Near the Vytautas the Great war museum is situated small monument which in my opinion should be named as the most important monument in this country and to people shown in the monument this country should be most grateful. It is called "Lithuanian school in 1864-1904" and shows mother teaching small child to read and write. Its author is sculptor Petras Rimša. It could be interesting that sculpture was created in 1907 and for the first time was demonstrated at Vilnius Lithuanian art exhibition in 1907. But in public it was built only in 1940 (officially opened on April 29, 1940 (sic!)). Otherwise than other sculptures in Pantheon which were destroyed by Communists in 1948-1949 this sculpture was confiscated by Nazis in 1943 as a "part of metal collection action for army needs". The sculpture was rebuilt in 1990 only:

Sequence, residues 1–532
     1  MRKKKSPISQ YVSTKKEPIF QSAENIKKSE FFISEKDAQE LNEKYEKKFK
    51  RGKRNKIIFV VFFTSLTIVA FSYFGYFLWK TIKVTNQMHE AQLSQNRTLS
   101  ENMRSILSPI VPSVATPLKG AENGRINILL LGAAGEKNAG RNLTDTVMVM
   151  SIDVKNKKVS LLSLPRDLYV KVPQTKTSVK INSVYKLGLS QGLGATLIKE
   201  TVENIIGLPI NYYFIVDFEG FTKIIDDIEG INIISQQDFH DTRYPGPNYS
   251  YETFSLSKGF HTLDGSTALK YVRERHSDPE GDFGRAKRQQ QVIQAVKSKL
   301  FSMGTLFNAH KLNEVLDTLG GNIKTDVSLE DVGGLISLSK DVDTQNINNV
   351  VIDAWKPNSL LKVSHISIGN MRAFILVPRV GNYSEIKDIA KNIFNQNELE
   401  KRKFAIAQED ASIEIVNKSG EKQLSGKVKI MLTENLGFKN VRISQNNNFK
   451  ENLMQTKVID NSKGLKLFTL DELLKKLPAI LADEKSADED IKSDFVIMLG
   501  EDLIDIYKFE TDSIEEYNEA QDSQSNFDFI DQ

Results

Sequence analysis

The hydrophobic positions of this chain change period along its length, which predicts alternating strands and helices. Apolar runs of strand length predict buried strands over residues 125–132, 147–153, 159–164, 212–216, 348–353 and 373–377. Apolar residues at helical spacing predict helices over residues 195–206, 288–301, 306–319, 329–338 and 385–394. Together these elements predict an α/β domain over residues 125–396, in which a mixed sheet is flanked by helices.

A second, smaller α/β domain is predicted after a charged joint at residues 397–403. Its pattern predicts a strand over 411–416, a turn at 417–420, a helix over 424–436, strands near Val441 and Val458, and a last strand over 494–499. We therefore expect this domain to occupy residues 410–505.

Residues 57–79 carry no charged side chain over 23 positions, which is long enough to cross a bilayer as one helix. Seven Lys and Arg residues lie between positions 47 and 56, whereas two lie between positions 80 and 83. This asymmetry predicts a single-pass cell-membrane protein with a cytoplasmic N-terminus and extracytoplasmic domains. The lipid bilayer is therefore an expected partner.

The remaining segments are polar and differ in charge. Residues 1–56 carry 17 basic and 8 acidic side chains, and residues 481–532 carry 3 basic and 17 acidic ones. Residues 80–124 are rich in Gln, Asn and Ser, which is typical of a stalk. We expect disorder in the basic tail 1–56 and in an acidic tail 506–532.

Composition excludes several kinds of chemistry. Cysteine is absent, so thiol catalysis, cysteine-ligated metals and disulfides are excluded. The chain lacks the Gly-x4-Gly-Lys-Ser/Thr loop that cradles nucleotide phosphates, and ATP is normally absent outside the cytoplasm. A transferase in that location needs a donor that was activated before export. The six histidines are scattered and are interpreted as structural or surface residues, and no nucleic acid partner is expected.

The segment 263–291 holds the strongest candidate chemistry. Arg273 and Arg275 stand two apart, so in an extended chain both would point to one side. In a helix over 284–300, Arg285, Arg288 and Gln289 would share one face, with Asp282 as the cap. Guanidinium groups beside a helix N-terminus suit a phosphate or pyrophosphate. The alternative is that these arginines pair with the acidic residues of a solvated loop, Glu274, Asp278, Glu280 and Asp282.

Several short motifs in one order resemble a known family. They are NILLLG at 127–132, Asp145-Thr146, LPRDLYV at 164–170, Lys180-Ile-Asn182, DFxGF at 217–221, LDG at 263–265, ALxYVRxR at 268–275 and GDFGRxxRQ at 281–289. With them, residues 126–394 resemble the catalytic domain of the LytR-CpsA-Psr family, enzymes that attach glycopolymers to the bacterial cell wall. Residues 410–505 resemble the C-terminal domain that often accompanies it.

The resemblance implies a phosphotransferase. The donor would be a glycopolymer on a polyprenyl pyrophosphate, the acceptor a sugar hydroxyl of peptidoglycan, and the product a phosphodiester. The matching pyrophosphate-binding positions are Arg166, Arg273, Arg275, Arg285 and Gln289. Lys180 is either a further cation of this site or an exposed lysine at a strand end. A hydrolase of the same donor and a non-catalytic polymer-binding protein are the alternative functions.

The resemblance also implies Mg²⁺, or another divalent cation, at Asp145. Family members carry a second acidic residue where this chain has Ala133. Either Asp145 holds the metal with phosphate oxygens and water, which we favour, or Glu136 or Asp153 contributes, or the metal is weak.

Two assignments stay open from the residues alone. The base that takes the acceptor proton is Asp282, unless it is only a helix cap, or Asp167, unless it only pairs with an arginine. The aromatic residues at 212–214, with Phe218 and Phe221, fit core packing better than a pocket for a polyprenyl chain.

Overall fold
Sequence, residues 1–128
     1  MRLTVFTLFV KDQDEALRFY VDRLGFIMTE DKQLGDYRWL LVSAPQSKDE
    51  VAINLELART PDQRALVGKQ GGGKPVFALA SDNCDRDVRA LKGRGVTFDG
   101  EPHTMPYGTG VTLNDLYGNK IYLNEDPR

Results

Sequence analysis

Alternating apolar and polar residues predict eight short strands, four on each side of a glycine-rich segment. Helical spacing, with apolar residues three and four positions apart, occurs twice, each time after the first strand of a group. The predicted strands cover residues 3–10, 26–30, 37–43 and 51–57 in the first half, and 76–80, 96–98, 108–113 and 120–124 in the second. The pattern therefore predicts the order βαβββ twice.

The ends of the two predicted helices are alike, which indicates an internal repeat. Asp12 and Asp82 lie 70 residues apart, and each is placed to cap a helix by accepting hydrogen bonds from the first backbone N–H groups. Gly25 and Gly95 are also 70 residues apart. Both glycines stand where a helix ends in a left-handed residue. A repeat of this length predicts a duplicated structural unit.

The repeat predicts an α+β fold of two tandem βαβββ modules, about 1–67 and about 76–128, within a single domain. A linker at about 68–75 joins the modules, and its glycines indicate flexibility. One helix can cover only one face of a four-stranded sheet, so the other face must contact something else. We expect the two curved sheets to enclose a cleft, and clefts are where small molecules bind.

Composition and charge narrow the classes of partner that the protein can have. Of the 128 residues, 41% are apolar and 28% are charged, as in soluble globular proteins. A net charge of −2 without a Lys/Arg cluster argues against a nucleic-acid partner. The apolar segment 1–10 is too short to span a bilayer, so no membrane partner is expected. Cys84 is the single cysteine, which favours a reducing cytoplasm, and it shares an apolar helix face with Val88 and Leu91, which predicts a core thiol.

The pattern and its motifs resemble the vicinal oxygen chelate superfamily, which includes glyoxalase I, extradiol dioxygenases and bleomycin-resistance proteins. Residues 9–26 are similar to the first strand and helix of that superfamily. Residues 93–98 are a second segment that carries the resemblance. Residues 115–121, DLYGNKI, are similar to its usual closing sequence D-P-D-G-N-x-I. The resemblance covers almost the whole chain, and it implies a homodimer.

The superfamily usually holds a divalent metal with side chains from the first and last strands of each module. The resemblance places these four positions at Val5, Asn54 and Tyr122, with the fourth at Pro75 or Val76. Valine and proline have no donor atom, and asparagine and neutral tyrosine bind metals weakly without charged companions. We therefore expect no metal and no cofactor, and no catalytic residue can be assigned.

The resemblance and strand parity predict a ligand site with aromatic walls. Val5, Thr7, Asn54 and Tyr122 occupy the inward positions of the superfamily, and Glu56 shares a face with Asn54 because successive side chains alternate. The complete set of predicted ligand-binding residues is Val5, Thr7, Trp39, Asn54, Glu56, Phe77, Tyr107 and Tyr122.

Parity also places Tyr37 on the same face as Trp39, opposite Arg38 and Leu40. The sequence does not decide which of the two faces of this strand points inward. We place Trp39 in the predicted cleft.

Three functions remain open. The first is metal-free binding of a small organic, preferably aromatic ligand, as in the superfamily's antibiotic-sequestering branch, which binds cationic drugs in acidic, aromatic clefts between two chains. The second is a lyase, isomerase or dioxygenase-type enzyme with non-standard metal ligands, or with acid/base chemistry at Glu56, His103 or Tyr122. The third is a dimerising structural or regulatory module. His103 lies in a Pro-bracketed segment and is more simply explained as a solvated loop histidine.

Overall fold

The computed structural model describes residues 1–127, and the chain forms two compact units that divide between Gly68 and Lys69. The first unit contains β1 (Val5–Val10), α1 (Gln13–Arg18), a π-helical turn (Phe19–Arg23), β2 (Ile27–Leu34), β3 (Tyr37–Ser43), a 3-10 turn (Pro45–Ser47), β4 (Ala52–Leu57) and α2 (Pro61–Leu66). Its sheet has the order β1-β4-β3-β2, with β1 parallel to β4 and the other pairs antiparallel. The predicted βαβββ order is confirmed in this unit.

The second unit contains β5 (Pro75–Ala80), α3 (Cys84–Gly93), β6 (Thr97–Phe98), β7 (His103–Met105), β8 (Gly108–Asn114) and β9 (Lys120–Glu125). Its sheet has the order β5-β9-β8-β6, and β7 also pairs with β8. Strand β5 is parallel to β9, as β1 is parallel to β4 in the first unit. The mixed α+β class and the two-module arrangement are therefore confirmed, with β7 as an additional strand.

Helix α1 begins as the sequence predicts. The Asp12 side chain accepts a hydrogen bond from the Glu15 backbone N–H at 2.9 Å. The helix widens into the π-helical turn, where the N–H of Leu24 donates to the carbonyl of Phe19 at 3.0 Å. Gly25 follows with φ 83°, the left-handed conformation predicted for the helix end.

XIXth century was very hard time for Lithuania. While for many countries and nations of Europe XIXth century meant an age of progress and entrance to modernity for Lithuanians this age meant the regress by many parameters. Rzeczpospolita - part of which was areas of modern Lithuanian Republic - had serious drawbacks and can not be called very progressive country. But the problem and the great tragedy is that in 1795 these lands became part of an even more backward and - from historical point of view - even more retrograd and repressive country - Russian empire. This could be illustrated by several facts. E.g. in 1795 about 30 percent of peasants in modern Lithuania were free peasants while the rest were still in serfdom. The number of free peasants in some Western European countries of course was higher but this result wasn't the worst in European context. After 1795 some "anti-historic" process started in this country - in 1816 there were only 14 percent of free peasants left , in 1834 - 13%, in 1850 - 8%, in 1858 - less than 5% of all peasants were free. The number of peasants in serfdom rose correspondingly in the first half of XIXth century. Such process was completely wild and regressive for the Europe of the first part of XIXth century. As a result there were fewer peasant and other not noble origin children in schools in 1890s than in 1790s in Lithuania !!!! In European context such fact is completely unique.